NASA Tests New Design Of Flexible Aircraft Wings
NASA is now getting closer to achieve its Green Aviation Project goals that include creating technology and aircraft such that it reduces the impact of aviation on the environment during the next 30 years.
NASA managed to stir change in the most common feature of an airplane – its wings. Replacing the same old aluminum flaps, are these advanced, shape altering assemblies which can form flexible and twistable flaps.
How much are they viable? Only flight testing can tell whether they will improve the aerodynamic efficiency or reduce noise of take-offs and landings.
This joint project between NASA and U.S. Air Force Research Laboratory (AFRL) is called the Adaptive Compliant Trailing Edge (ACTE). The flaps used for the project were designed and created by FlexSys, Inc. in Michigan.
AFRL has been funding FlexSys through its Small Business Innovative Research program, which led FlexSys to develop this flexible airfoil system called FlexFoil which can be fitted to existing airplane wings or integrated into totally new airframes.
FlexSys CEO, Sridhar Kota, is looking forward to see the testing with modified Gulfstream III. This will then confirm by what margin the design is creating an impact. If it goes as expected, this design is bound to set free numerous future applications and commercialization.
“This flight test is one of the NASA Environmentally Responsible Aviation (ERA) Project’s eight large-scale integrated technology demonstrations to show design improvements in drag, weight, noise, emission and fuel reductions,” said Fay Collier, ERA project manager at NASA’s Langley Research Center in Hampton, Virginia.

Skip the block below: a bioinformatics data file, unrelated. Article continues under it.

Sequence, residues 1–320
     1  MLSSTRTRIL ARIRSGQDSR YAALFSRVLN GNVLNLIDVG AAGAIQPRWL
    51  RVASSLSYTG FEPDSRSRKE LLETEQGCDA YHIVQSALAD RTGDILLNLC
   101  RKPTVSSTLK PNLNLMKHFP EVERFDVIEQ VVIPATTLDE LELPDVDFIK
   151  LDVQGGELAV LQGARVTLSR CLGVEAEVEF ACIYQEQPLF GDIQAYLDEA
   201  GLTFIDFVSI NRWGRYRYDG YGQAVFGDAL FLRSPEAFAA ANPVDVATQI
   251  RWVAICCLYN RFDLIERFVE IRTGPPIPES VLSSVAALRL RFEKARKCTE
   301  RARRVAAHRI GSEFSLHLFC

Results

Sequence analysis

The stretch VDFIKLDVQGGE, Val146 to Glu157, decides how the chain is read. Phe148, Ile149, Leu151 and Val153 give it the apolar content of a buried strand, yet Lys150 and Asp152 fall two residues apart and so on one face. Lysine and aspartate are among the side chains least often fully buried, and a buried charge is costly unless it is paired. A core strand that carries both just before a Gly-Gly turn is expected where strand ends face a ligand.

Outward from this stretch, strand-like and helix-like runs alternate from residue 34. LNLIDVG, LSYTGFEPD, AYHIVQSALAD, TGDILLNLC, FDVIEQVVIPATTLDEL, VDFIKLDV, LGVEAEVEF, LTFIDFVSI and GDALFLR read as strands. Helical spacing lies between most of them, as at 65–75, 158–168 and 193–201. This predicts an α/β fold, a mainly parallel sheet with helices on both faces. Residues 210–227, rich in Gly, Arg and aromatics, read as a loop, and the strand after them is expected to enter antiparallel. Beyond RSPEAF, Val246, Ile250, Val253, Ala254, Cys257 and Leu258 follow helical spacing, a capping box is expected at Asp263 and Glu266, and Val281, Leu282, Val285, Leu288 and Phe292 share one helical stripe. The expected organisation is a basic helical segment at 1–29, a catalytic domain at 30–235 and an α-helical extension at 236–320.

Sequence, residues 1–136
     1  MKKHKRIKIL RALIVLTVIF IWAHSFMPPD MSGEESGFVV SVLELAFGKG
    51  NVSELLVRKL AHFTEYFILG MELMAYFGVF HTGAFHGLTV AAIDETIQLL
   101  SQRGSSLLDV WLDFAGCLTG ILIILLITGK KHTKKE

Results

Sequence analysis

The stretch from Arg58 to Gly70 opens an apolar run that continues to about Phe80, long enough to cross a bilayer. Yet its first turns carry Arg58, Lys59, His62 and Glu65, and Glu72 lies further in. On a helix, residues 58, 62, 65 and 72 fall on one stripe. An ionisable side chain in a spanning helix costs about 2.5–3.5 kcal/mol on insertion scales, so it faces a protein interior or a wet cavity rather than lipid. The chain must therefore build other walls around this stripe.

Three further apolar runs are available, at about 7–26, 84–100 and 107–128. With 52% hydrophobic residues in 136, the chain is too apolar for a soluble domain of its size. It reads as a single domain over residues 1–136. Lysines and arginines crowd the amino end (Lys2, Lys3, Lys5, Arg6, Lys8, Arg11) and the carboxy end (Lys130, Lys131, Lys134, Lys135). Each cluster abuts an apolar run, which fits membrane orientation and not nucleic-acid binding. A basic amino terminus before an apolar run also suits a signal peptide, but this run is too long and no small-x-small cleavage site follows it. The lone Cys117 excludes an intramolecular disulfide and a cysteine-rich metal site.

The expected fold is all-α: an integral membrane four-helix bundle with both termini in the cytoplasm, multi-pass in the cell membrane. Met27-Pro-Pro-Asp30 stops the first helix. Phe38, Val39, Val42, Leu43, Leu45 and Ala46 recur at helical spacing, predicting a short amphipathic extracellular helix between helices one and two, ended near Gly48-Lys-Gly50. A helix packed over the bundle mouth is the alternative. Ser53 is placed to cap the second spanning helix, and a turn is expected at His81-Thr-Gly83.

During ACTE’s initial flight in California, control surfaces of the flaps were specified and locked at that setting for the experiment. It went “as expected”. Varying flap settings will then be tested on different flights to understand the capability of the wings in a real flight environment.
“We have progressed from an innovative idea and matured the concept through multiple designs and wind tunnel tests, to a final demonstration that should prove to the aerospace industry that this technology is ready to dramatically improve aircraft efficiency,” said AFRL Program Manager Pete Flick, from Wright-Patterson Air Force Base, Ohio.
ACTE technology , if successful, will allow a lot of efficiency in fuel and flight alike. Moreover, reduced noise will create a positive impact on the environment.
“We expect this technology to make future aircraft lighter, more efficient, and quieter. It also has the potential to save hundreds of millions of dollars annually in fuel costs.”